An adventurer from Grantham has become the first person to swim 1,780-miles around Great Britain.
Ross Edgley, 33, was joined by 300 swimmers for the last mile before he arrived in Margate at about 09:00 GMT.
Edgley left the Kent town on 1 June, and has not set foot on land since, swimming for up to 12 hours a day and eating more than 500 bananas.
He has battled strong tides and currents in cold water, braved storms, jellyfish and swimming in late autumn.
The effort has taken its toll on his body, resulting in shoulder pain, wetsuit chafing and his tongue has partially disintegrated from salt water exposure.
Back on dry land, Edgley told the BBC that despite needing to learn to walk again after so long in the water he is still "not quite bored of swimming" and looking for his next challenge.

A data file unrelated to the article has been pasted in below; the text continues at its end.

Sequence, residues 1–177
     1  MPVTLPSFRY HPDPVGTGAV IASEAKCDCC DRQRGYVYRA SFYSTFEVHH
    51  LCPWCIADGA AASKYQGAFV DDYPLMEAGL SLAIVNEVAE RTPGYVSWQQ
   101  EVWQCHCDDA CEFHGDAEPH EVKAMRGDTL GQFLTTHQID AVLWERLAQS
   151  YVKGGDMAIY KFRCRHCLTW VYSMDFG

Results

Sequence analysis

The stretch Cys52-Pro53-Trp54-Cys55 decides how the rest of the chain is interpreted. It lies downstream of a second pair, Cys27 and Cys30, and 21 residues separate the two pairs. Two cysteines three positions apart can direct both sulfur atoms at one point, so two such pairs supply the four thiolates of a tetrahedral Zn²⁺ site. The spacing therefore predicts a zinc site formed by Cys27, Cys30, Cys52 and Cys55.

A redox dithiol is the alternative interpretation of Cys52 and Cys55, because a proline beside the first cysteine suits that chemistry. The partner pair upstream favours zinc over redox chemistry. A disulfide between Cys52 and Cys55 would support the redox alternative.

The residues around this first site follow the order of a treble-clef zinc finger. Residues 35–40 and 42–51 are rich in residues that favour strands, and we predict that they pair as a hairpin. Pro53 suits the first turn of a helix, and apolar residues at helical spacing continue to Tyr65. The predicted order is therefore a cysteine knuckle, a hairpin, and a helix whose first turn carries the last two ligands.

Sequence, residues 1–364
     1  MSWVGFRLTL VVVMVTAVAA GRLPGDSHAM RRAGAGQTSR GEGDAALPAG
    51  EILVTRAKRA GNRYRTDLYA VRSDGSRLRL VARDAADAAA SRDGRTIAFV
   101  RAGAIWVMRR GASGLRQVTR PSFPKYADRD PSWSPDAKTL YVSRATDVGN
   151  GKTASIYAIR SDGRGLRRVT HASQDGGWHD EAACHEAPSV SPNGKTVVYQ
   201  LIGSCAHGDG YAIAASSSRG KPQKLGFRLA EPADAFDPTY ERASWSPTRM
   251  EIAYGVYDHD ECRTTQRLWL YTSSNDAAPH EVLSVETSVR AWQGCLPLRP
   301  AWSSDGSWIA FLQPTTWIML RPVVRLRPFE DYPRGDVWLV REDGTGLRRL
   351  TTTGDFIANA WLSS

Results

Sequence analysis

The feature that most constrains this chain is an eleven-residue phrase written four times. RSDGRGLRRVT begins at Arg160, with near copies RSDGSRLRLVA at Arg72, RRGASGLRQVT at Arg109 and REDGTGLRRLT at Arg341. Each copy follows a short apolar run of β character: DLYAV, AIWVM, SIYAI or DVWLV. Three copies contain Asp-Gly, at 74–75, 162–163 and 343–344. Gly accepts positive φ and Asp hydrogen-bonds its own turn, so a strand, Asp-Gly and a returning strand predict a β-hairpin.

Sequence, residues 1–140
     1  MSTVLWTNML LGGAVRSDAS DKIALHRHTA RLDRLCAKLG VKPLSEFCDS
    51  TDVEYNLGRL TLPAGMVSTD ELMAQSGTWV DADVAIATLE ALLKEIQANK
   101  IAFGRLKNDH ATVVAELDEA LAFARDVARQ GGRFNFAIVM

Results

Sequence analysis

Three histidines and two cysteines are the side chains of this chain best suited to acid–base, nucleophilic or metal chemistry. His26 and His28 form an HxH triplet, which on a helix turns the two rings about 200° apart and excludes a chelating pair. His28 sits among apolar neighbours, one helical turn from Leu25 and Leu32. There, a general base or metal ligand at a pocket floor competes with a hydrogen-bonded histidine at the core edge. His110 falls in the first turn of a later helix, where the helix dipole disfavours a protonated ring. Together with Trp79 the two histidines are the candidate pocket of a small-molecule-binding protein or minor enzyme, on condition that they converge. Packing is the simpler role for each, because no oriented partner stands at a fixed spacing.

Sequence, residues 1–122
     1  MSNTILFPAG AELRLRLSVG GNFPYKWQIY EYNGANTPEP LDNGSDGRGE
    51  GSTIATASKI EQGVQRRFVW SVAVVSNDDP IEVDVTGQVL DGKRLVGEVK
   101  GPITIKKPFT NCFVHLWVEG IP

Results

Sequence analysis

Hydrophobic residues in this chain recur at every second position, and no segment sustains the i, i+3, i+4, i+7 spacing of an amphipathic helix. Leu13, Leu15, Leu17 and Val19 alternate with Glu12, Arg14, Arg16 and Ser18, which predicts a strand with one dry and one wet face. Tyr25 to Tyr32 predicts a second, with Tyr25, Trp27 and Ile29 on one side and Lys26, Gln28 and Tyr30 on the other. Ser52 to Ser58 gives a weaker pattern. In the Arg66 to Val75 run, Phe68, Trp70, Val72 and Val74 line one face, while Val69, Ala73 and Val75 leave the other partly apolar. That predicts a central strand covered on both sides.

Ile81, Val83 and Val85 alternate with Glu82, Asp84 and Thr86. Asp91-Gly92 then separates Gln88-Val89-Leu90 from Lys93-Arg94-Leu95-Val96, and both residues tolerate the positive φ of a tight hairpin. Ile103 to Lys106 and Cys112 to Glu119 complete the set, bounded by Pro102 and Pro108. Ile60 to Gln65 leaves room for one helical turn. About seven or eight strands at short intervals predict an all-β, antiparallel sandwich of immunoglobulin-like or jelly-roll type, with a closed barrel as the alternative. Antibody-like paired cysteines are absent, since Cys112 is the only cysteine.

Supported in his swim by Cornish sailor Matthew Knight from his catamaran Hecate, Edgley revealed that at times the tides helped him to swim at speeds of up to 8.7 knots.
"That's a dolphin's cruising speed," he laughed.
The swimmer held back tears as scores of supporters who had turned out to greet him in Margate gave him a rousing cheer.
He said getting that kind of reception made it all worthwhile, adding: "There's not many places you come in and people are asking you to sign bananas."
Edgley set a new record 74 days into his challenge, for the longest staged sea swim, according to the World Open Water Swimming Association.
He is already in the Guinness Book of World Records after completing a rope climb the equivalent height of Mount Everest in 19 hours in April 2016.
That was two months after doing a marathon while pulling a car.
But an attempt in 2017 to swim the 24.8 miles between Martinique and St Lucia while pulling a 100lb tree trunk ended in disappointment.